Predictors of mortality in pulmonary thromboendarterectomy

Ann Thorac Surg. 1996 Nov;62(5):1255-9; discussion 1259-60. doi: 10.1016/0003-4975(96)00460-2.


Background: The operative mortality associated with surgical thromboendarterectomy of the pulmonary arteries has decreased at the University of California in San Diego with the application of new techniques. For universal performance of the procedure, however, those factors that contribute to the high operative mortality must be identified. We analyzed our results in 34 consecutive patients undergoing pulmonary thromboendarterectomy to determine those preoperative factors that contribute to operative mortality.

Methods: Since 1983, 34 patients with severe, surgically correctable chronic thromboembolic pulmonary hypertension who were judged to be operable by pulmonary arteriography underwent pulmonary thromboendarterectomy. No patient was excluded because of right ventricular failure or hemodynamic severity of disease; the mean pulmonary artery pressure (PAP) was 54 mm Hg, the mean pulmonary vascular resistance (PVR) was 1,094, and all patients were in New York Heart Association functional class III or IV.

Results: Postoperative course was characterized either by swift recovery (mean length of stay, 13 days) or by rapid demise resulting from pulmonary or right ventricular failure, or both (overall operative mortality, 23%). In survivors, the mean PAP, PVR, cardiac output, and New York Heart Association functional class were significantly improved (p < 0.05). Patients who died had a significantly greater mean preoperative PAP than did those who survived (62.1 +/- 1.2 versus 49.5 +/- 2.3 mm Hg; p < 0.01) and significantly higher PVR (1,512 +/- 116 versus 949 +/- 85; p < 0.01). In addition, both a PVR of more than 1,100 and a mean PAP of more than 50 mm Hg could accurately predict operative mortality: operative mortality was six times greater in patients with a preoperative PVR of greater than 1,100 (41% versus 5.85%) and almost five times greater in those with a mean PAP of greater than 50 mm Hg (37% versus 8%). No intraoperative factors, including the use or duration of circulatory arrest, affected outcome.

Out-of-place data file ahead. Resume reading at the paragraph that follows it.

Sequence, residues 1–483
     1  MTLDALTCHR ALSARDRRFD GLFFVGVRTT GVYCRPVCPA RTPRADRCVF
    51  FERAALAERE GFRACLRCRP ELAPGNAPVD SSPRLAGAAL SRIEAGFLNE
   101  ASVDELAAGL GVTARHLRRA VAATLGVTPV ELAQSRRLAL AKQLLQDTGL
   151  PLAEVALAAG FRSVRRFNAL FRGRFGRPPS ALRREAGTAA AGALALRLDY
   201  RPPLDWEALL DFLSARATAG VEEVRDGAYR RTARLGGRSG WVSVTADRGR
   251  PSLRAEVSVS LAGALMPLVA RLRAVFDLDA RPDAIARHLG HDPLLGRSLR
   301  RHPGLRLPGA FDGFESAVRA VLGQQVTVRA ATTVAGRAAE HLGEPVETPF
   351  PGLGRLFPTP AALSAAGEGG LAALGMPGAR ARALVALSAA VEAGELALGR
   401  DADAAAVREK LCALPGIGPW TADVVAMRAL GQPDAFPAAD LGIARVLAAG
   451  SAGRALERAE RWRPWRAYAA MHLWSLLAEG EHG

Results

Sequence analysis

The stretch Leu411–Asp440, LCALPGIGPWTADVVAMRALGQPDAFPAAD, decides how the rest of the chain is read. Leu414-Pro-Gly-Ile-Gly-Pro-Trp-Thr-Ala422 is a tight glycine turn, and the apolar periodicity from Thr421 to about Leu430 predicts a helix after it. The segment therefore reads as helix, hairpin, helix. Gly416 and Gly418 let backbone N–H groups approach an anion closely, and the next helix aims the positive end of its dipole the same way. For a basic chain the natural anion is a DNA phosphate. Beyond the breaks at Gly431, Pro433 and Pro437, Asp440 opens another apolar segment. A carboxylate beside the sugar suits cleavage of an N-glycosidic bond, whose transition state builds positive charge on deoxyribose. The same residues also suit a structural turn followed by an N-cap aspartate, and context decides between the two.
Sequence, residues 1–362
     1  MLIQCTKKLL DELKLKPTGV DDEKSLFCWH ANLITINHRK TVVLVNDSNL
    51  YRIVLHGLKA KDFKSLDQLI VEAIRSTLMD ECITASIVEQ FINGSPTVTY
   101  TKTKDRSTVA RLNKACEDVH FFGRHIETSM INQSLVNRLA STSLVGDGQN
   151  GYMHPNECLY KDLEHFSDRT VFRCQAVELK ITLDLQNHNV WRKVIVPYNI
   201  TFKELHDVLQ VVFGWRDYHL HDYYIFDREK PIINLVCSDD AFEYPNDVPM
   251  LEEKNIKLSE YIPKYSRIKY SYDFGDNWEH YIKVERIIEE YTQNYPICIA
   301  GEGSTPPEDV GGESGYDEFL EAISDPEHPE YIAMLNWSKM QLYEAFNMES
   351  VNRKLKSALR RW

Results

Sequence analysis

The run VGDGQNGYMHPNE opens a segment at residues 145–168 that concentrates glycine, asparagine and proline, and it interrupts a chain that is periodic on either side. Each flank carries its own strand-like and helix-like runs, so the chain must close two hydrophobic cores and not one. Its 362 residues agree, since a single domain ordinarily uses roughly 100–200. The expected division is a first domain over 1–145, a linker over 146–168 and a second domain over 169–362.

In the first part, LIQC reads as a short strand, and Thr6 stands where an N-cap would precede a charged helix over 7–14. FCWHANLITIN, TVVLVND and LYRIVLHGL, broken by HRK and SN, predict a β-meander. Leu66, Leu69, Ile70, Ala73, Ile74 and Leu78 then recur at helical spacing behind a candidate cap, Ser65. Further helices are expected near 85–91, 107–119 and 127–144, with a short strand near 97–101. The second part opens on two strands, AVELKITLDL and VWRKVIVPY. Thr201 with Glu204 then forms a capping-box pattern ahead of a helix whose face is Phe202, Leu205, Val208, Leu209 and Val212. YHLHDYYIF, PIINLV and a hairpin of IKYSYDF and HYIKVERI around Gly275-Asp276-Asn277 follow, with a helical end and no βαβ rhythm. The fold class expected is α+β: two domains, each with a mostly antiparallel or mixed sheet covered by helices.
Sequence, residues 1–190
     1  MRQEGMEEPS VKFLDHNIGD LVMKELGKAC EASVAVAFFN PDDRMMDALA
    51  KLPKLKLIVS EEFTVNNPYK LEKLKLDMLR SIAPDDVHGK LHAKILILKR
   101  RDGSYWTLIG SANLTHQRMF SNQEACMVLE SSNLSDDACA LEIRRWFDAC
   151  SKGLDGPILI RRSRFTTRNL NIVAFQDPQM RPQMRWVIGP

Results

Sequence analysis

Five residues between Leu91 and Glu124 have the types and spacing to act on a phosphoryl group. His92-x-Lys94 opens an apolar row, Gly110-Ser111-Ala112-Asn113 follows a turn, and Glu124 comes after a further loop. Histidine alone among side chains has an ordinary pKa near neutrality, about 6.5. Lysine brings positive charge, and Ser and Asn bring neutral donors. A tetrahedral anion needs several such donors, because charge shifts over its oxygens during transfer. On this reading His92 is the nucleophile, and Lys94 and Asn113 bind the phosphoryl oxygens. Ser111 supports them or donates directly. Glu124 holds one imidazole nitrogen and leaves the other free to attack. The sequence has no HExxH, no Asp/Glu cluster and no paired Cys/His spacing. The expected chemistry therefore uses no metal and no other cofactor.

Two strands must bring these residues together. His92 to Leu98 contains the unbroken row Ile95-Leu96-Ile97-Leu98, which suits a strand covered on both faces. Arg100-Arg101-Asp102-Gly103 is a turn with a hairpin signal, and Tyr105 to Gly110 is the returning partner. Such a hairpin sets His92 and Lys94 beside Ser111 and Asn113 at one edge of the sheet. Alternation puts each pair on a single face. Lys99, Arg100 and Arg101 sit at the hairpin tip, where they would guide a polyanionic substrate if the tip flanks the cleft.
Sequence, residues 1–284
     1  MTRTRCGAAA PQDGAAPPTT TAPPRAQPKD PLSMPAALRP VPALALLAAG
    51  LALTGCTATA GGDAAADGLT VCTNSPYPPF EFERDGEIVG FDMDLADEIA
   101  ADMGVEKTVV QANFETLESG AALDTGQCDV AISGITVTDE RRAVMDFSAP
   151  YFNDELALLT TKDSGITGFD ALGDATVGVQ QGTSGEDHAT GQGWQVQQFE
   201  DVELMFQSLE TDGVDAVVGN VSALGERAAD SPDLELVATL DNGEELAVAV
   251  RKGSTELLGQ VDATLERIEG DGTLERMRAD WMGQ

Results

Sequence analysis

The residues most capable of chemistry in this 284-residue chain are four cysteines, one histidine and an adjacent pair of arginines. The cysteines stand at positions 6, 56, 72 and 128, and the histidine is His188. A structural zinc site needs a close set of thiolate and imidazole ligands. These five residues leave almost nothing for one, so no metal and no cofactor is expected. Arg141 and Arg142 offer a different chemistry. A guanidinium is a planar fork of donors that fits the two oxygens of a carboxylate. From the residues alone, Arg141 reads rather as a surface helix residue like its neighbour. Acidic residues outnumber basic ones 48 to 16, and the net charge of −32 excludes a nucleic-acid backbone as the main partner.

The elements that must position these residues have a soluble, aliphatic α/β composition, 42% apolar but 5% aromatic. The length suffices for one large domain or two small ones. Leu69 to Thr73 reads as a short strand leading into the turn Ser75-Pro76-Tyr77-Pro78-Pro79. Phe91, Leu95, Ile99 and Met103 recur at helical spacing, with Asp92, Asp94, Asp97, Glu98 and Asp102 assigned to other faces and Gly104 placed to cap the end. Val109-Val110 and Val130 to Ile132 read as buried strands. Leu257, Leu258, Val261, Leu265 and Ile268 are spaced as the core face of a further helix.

Conclusions: Patients with severe hemodynamic disease (PVR > 1,100 and PAP > 50 mm Hg) have a high likelihood of operative mortality and perhaps should not undergo pulmonary thromboendarterectomy, except at institutions where the operation is performed frequently.

MeSH terms

  • Adult
  • Aged
  • Aged, 80 and over
  • Cause of Death
  • Chronic Disease
  • Endarterectomy / methods
  • Endarterectomy / mortality*
  • Female
  • Hemodynamics
  • Hospital Mortality
  • Humans
  • Hypertension, Pulmonary / etiology*
  • Length of Stay
  • Male
  • Middle Aged
  • Predictive Value of Tests
  • Pulmonary Embolism / complications
  • Pulmonary Embolism / physiopathology
  • Pulmonary Embolism / surgery*
  • Retrospective Studies
  • Risk Factors
  • Severity of Illness Index